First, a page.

By Amelia Jacob, Film & Television Digital Editor
Yesterday evening, the family of award-winning singer and actress Olivia Newton-John announced that she had passed away, aged 73, at her home in California. The actress had a highly-publicised battle with breast cancer for over 30 years, raising awareness of women’s health issues as well as contributing to animal rights activism and environmentalist pursuits. Her family’s statement highlights her status as a “symbol of triumphs and hope” in the social canon.
Newton-John was born in Cambridge in 1948 but moved to Australia as a child with her family. As a teenager in Melbourne, she embarked on a singing career which eventually metamorphosed into the duo ‘Pat and Olivia’ with singer Pat Carroll. This partnership would take Newton-John all over Europe, finally settling in Britain alone in 1975.
Her prominence on the British music scene also grew exponentially during this time, leading to Newton-John representing the UK in the Eurovision Song Contest in 1974. Unfortunately, she lost to ABBA’s Waterloo, coming in a respectable fourth.
However, Newton-John’s ascent into global stardom was cemented with her break-out performance in the rock musical Grease, a film so famous it hardly needs an introduction. Her performance as saccharine girl-next-door Sandy, who has a hidden feistiness – ”Tell me about it, stud.” – catapulted her into the theatrical hall-of-fame.
Sandy epitomised a girl-next-door aesthetic Newton-John would forever be known for, despite altering her pop career to align with the sexier aspects of Sandy’s character following the film’s release.
It is hard to believe that upon the film’s release, the New York Times reported that “it’s not easy [for Newton-John] to make oneself stand out on a screen bursting with Mr Travolta’s simian charisma”, as her performance is undoubtedly iconic in its own right, and much parodied and referenced in the 80s zeitgeist and beyond.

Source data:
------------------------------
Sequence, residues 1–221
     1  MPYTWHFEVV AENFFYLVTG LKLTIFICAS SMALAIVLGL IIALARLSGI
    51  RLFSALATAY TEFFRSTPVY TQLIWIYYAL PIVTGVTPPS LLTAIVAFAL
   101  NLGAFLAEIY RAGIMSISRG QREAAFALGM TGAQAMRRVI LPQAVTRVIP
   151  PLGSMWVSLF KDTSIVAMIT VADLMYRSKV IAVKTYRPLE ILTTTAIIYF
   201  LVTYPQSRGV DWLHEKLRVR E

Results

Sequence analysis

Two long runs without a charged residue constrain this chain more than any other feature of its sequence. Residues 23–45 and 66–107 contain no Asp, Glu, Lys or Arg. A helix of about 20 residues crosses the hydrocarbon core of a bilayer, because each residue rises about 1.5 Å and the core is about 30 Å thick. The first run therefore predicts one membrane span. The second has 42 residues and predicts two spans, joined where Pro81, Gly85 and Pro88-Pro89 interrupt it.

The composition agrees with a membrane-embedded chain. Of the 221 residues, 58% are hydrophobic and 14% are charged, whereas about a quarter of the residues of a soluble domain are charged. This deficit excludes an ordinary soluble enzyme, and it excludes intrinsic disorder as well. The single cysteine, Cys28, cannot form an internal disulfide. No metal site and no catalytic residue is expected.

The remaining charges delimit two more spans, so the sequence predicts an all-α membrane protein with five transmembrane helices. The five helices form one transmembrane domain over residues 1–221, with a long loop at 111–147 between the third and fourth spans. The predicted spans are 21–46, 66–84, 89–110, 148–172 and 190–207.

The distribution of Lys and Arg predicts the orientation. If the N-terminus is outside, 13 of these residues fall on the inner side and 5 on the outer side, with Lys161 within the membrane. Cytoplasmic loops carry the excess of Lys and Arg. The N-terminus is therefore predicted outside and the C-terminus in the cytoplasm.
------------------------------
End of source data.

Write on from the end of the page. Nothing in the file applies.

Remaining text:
After Grease’s cultural impact, Newton-John largely remained churning out new music. Other film roles of hers include Xanadu, as well as her reunion with John Travolta for Two of a Kind. The camp romp of Xanadu has become a cult classic since its release, with Newton-John starring opposite Michael Beck as his fantastical love interest. Additionally, Two of a Kind, whilst failing critically, was praised for Newton-John’s contributions to the soundtrack.
In later years, Newton-John enjoyed further musical success, as well as a quieter lifestyle following multiple health issues. Her other pursuits included successfully campaigning for the Japanese government to stop the slaughter of dolphins caught in fishing nets, as well as guest-spots of shows such as Glee (2009-2015) and Ru Paul’s Drag Race (2009-), additionally emphasising her status as a figure whole-heartedly embraced by the LGBTQ+ community.
Following her death aged 73, I can only encourage you to crank up your old DVD player and re-watch Grease (1978). Marvel in Newton-John’s dulcet tones in ‘You’re The One That I Want, and admire the capabilities and beauty of a star that will be sorely missed in the music and film scene.
Featured Image: IMDB
Which one of Olivia Newton-John's performances was your favourite?